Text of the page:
Vet: Grain-free dog food study no cause for alarm
By Tyler Stocks
The Daily Reflector
Friday, July 27, 2018
Warnings from a federal agency about grain-free dog food should not be a cause for alarm, according to a local veterinarian.
The Food and Drug Administration is warning dog owners about the possible link between heart disease in dogs and grain-free dog food after several reports of dilated cardiomopathy — or DCM — in dogs eating peas, lentils, potatoes and legume seeds which are common main ingredients in grain-free dog food.
According to the FDA’s website, reports of DCM are affecting breeds of dogs who are not typically prone to the disease.
As part of a statement issued July 12, the FDA said Canine DCM is a disease of a dog’s heart muscle and results in an enlarged heart. As the heart and its chambers become dilated, it becomes harder for the heart to pump and heart valves may leak, leading to a buildup of fluids in the chest and abdomen.
DCM often results in congestive heart failure. Heart function may improve in cases that are not linked to genetics with appropriate veterinary treatment and dietary modification, if caught early.
Dr. Lauren Mercer-Hopkins, a veterinarian with East Carolina Veterinary Service in Greenville, said at this point, the FDA’s findings should not cause dog owners who use grain-free diets undue worry.
“The evidence is unclear at this time exactly what role diet has played in the increased incidence of DCM in dogs,” Mercer-Hopkins said. “Odds are, if you are feeding a grain-free diet, your dog will be just fine. However, there is a chance that it could cause an issue.
“If I had a puppy, I wouldn't choose to start it on a grain-free diet unless absolutely necessary,” she said.
The FDA is not sure what the underlying cause of DCM is or even if DCM is genetic. Breeds typically more frequently affected by DCM include large and giant breed dogs, such as Great Danes, Boxers, Newfoundlands, Irish Wolfhounds, Saint Bernards and Doberman Pinschers.
It is less common in small and medium breed dogs, except American and English Cocker Spaniels. However, the cases that have been reported to the FDA have included Golden and Labrador Retrievers, Whippets, a Shih Tzu, a Bulldog and Miniature Schnauzers, as well as mixed breeds, the FDA’s website read.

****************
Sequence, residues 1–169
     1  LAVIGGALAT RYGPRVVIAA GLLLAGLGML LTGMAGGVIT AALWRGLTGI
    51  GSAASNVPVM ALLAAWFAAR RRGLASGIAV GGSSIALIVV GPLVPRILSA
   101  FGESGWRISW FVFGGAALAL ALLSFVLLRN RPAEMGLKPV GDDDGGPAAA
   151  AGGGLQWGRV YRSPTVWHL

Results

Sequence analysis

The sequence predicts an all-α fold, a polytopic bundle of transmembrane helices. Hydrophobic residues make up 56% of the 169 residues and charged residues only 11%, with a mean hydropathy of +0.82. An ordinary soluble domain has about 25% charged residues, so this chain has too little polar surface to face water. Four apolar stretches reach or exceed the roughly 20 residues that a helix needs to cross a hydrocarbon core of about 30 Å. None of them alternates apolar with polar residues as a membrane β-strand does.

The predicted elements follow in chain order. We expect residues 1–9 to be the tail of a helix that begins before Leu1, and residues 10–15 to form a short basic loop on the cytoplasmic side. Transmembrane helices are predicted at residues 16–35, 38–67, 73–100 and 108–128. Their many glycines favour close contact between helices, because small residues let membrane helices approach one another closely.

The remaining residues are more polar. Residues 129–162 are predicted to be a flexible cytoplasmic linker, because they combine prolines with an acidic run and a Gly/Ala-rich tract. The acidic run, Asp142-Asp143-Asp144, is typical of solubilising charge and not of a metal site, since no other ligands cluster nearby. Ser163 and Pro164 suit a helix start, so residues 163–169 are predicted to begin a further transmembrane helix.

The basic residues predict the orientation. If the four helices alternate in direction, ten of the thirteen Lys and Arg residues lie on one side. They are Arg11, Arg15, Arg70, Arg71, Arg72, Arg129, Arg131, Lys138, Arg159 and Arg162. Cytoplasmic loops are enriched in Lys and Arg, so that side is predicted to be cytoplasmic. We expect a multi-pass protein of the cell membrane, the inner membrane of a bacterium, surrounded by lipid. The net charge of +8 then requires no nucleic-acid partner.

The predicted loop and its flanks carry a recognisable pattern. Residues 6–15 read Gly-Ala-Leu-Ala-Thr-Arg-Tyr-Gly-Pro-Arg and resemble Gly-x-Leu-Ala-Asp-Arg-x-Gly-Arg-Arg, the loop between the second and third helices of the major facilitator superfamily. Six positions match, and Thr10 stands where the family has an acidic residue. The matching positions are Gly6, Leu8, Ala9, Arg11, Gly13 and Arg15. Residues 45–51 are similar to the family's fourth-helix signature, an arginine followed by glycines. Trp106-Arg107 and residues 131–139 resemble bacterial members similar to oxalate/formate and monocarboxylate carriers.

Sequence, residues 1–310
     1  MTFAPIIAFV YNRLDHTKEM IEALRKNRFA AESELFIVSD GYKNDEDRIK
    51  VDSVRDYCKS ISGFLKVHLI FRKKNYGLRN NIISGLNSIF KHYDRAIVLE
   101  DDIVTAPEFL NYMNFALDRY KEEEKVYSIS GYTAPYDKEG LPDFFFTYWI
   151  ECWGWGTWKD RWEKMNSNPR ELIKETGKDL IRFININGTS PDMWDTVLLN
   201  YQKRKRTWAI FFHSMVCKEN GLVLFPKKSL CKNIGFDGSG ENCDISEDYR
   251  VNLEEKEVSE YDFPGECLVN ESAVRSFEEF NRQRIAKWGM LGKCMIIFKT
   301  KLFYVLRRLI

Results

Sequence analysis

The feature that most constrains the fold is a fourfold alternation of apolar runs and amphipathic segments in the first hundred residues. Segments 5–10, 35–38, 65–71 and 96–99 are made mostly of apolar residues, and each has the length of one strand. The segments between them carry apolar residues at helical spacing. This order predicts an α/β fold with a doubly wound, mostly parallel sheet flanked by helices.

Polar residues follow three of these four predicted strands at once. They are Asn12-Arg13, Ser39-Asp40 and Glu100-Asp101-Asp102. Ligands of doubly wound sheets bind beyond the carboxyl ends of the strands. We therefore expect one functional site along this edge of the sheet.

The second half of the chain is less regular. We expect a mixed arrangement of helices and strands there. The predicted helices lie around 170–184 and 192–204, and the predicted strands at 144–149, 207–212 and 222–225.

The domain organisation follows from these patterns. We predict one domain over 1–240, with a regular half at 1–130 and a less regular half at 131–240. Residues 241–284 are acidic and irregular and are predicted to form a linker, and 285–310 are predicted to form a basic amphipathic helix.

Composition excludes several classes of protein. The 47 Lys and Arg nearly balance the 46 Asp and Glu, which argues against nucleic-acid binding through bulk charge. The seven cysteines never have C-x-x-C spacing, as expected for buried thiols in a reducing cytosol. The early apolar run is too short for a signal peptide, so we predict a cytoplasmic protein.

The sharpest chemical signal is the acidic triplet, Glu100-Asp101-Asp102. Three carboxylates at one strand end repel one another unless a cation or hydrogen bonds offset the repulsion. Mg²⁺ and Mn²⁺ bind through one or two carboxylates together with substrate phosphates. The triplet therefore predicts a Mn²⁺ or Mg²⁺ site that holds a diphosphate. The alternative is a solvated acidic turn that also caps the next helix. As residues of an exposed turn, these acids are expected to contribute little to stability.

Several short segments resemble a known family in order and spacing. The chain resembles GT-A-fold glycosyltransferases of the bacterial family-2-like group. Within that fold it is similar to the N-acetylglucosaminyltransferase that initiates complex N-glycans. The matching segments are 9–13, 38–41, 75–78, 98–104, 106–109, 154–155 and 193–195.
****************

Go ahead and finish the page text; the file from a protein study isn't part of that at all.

Mercer-Hopkins said her office has not seen any cases of DCM related to a dog’s diet.
“Most of these cases are being diagnosed by veterinary cardiologists via echocardiography. This is the gold standard for imaging the heart,” Mercer-Hopkins said.
Diets in DCM cases that were reported to the FDA frequently list potatoes or multiple legumes such as peas, lentils, other “pulses” (seeds of legumes), and their protein, starch and fiber derivatives early in the ingredient list, indicating that they are main ingredients.
The FDA’s website lists common symptoms of DCM which include:
- Decreased energy
- Difficulty breathing
- Episodes of collapse.
Mercer-Hopkins said regardless of the food owners choose to give their dogs, sudden diet changes should be avoided.
“If you are going to switch your pet's food, do it gradually by mixing with the old diet for 7-14 days,” she said.
Mercer-Hopkins said grain-free diets for dogs have become popular with owners largely due to advertising.
“Because humans can have gluten allergy, we have sort of tacked that onto our canine friends and believe that grain-free is better,” she said. “We see dogs with allergies every day in the clinic. More than 80 percent of dogs are itchy/allergic due to environmental allergies or fleas. Dogs that do have food allergies (either skin based or gastrointestinal) are typically treated with a novel protein diet, not grain-free.
“Grain-free diets also are not hypoallergenic and are truly only medically necessary in a very small number of cases,” she said.
“Grain free does not mean that the diet is better,” Mercer-Hopkins said. “Stick with the more mainstream brands, avoid exotic proteins and boutique brand dog foods,”
If you feed your dog a home-cooked diet, Mercer-Hopkins said owners should ensure that it is appropriately balanced for a dog.
“As always, if you have diet concerns, talk to your veterinarian,” Mercer-Hopkins said. “They can keep you up to date and give you the very best suggestions for your pet and their specific nutritional needs.”
The FDA encourages pet owners and veterinary professionals to report cases of DCM in dogs suspected of having a link to diet by using the electronic Safety Reporting Portal or calling their state’s FDA Consumer Complaint Coordinators.
To read the full FDA report visit FDA.gov
Contact Tyler Stocks at firstname.lastname@example.org or 252-329-9566. Follow him on Twitter @TylerstocksGDR